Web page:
The found that volunteers who ate 80 grams of watercress a day, equivalent to a cereal bowl sized helping, had elevated levels of cancer-fighting molecules in their blood within hours of eating the salad leaves.
The research found that the compound, phenylethyl isothiocyanate (PEITC), which gives the salad leaf a peppery taste, is able to interfere with the function of a protein that plays a critical role in cancer development.
As tumours develop they rapidly outgrow their existing blood supply and further development isn't possible until they are able to obtain enough oxygen and nutrients to maintain the growth of cancer cells.
To get past this roadblock, the cancer cells send out signals which cause the surrounding normal tissues to grow new blood vessels into the tumour which then supply oxygen and nutrients.
The protein Hypoxia Inducible Factor (HIF) is at the heart of this process of inducing new blood vessel growth. However, PEITC, of which watercress is the richest natural source, was shown in laboratory tests to have the ability to block the function of HIF.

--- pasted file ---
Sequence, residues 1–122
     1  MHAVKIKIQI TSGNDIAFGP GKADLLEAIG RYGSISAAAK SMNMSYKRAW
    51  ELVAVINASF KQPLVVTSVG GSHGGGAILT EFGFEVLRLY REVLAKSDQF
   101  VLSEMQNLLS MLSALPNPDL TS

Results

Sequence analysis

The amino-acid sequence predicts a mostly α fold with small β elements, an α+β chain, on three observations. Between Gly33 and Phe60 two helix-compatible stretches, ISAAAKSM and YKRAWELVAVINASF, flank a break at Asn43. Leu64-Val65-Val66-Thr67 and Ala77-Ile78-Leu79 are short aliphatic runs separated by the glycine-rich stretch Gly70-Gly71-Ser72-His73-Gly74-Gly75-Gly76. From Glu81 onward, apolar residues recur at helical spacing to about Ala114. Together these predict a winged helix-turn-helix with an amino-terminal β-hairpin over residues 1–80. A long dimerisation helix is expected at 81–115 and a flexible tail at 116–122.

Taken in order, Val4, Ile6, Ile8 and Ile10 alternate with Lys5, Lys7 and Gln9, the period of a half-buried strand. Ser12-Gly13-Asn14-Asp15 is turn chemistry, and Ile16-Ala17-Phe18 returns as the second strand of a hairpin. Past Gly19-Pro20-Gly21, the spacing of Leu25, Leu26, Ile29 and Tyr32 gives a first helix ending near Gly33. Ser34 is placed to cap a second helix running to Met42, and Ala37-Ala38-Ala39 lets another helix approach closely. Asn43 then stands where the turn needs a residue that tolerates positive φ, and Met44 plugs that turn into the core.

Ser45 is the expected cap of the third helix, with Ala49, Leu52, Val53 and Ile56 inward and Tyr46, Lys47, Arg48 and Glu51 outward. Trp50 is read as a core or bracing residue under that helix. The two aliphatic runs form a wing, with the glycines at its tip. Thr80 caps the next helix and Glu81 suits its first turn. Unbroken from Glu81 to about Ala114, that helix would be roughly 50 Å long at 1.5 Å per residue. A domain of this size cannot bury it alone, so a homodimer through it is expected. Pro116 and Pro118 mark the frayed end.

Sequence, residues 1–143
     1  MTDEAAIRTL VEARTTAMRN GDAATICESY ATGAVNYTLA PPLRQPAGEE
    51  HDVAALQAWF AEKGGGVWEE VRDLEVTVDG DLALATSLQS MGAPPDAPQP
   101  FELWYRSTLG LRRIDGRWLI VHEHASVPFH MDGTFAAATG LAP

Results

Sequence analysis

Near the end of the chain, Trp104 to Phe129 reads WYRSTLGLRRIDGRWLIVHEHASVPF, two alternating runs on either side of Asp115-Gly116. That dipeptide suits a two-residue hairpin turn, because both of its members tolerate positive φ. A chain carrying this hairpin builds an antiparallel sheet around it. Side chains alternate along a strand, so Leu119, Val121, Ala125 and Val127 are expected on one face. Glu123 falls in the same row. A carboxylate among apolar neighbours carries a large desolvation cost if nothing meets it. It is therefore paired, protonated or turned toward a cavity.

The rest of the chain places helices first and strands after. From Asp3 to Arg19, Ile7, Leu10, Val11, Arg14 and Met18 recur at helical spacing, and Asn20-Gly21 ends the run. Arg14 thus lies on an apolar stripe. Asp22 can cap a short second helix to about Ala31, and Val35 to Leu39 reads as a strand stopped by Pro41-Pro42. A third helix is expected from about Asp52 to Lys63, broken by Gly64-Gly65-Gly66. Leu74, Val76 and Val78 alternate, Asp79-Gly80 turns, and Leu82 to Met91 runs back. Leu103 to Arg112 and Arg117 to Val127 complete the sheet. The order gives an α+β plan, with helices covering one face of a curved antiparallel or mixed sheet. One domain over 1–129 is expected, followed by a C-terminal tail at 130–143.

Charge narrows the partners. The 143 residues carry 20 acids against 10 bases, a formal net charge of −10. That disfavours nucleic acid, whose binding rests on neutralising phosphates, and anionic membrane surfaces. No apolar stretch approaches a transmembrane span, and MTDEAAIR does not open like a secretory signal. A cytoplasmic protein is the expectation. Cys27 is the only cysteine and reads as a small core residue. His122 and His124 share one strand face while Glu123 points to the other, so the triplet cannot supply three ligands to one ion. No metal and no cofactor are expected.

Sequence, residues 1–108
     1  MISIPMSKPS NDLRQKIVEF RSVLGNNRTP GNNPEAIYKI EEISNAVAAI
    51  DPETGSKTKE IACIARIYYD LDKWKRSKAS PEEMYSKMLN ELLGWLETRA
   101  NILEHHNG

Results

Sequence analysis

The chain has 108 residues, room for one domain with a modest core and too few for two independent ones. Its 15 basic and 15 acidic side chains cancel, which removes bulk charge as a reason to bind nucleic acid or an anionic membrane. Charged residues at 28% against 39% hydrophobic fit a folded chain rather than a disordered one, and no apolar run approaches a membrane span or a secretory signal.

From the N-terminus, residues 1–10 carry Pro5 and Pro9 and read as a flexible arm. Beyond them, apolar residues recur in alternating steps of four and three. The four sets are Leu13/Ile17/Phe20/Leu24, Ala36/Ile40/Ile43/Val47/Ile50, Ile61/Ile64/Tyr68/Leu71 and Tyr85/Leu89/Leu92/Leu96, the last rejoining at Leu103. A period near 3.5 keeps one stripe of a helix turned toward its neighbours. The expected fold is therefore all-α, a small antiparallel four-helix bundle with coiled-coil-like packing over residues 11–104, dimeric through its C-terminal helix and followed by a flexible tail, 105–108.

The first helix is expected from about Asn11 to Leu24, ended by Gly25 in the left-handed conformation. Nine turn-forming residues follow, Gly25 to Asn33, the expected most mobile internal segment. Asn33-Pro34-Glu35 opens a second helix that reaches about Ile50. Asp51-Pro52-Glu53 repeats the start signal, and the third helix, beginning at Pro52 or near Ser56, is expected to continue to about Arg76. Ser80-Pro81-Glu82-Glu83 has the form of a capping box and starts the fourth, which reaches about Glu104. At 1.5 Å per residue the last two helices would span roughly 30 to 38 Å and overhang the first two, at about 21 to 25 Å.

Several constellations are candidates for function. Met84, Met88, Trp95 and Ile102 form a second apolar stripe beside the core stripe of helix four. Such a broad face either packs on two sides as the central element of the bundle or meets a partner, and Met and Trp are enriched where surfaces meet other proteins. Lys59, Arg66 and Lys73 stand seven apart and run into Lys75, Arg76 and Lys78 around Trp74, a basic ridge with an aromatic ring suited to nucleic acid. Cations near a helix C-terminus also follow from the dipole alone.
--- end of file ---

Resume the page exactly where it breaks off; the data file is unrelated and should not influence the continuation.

The two studies, which have been published in the British Journal of Nutrition and Biochemical Pharmacology, provide new insight into the potential anti-cancer effects of watercress, although more work still needs to be done to determine the direct impact watercress has on decreasing cancer risk.
The research, which was funded by the Watercress Alliance, provides new hope to the 45,000 women diagnosed with breast cancer each year.
Watercress Alliance member Dr Steve Rothwell says: "We are very excited by the outcome of Professor Packham's work, which builds on the body of research which supports the idea that watercress may have an important role to play in limiting cancer development."
Breast cancer is the most common cancer in women in the western world and currently affects approximately 1 in 9 women during their lifetime.